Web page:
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Boston Police Reverse Course On Public Recording of Police Action

video camera.jpgI recently came across an interesting article about the almost 5 year fallout between one man and the Boston Police over the actions of the Boston Police Department Back in 2007.

According to the article the trouble for the man started when he was on the Boston Common and saw another man being placed under arrest. When the man heard a witness state that the police were hurting the individual they were arresting he pulled out his cell phone which was equipped with a video camera and began to record the actions of the police.

These two officers, apparently unaware that we live in a free country, ordered the man to stop his perfectly legal recording. The officers were apparently stunned that the man chose not to abandon his constitutional rights in the face of their orders and arrested him for violating the Commonwealth of Massachusetts wiretapping statute.

The arrest on its face was more or less absurd. The Massachusetts wiretapping statute (G.L> c. 272, Section 99) is directed at preventing people from secretly recording one and other without consent. While the police may not have liked the man’s decision to record them there was no suggestion that he made any secret of the fact that he was doing it. Apparently he actually did the opposite as the police were able ascertain quite readily that they were being recorded, and in fact arrested the man as a result.

If the police had even a passing familiarity with this issue they would not have made this arrest. In 2001 the Commonwealth of Massachusetts’ highest court addressed this issue in the case of Commonwealth v. Hyde. In that case the SJC actually upheld the conviction of a man for taping the police that pulled him over, but they made it clear in their decision that they conviction was only allowed to stand because the man made the recording in secret. In making that decision the court stated:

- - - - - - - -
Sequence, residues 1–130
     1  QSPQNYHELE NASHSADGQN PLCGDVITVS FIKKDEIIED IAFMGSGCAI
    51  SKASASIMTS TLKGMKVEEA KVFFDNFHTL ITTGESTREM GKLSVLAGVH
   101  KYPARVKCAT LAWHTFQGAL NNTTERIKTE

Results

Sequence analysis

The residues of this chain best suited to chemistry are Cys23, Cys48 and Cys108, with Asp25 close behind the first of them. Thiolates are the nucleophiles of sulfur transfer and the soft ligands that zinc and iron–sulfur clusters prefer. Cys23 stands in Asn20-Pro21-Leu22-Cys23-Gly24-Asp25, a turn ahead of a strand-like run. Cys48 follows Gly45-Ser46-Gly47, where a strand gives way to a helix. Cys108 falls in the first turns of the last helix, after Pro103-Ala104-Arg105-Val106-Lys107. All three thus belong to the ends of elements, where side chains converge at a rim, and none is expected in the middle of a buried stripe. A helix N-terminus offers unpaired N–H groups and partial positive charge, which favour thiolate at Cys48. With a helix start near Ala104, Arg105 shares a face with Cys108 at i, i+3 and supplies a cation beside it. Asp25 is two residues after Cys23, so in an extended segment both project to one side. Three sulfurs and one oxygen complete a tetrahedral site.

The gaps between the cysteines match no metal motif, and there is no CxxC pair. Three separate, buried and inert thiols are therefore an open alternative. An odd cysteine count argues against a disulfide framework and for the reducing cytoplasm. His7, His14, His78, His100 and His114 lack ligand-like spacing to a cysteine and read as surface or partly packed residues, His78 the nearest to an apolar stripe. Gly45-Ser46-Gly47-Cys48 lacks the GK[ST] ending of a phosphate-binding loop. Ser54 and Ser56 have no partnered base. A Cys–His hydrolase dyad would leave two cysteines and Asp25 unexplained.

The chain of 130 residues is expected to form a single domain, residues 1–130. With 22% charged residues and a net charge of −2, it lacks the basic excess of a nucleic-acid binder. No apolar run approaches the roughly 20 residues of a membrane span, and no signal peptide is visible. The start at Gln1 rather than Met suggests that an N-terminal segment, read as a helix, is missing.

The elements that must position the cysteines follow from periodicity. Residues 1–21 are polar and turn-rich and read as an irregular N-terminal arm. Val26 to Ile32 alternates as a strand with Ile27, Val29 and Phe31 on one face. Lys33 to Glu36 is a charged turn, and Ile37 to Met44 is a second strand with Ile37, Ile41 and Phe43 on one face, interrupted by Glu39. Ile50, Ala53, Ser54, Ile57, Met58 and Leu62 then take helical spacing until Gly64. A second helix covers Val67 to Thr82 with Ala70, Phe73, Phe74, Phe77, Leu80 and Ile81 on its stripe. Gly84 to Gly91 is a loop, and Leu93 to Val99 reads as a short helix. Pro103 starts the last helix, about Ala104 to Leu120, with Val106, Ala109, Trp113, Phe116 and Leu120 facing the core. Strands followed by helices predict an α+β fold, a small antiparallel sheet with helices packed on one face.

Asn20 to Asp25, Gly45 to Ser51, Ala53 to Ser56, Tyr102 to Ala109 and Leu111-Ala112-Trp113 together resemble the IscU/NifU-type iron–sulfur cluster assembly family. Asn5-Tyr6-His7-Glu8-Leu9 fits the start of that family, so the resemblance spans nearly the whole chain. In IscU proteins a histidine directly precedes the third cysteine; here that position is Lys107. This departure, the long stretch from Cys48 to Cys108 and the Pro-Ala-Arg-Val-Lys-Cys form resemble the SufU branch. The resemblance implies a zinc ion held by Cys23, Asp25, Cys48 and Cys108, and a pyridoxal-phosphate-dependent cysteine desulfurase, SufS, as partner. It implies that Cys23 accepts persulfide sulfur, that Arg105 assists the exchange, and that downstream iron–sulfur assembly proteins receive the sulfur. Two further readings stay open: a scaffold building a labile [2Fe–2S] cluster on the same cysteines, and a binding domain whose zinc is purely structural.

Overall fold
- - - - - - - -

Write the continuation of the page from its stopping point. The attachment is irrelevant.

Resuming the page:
The problem here could have been avoided if, at the outset of the traffic stop, the defendant had simply informed the police of his intention to tape record the encounter, or even held the tape recorder in plain sight.[12] Had he done so, his recording would not have been secret, and so would not have violated G. L. c. 272, § 99.

It’s a shame the man had to go through all the trouble that he did, and an even greater shame that the Boston Police Department has taken this long to admit the mistake that was made by its officers back in 2007.

If you have been accused of any violation of the wiretapping statute by police, or have been arrested or charged in any way for simply trying to hold the police accountable as a citizen please contact me today for a free evaluation of your case. As a Framingham criminal defense lawyer I have the experience and knowledge necessary to provide you with an aggressive and thorough defense.

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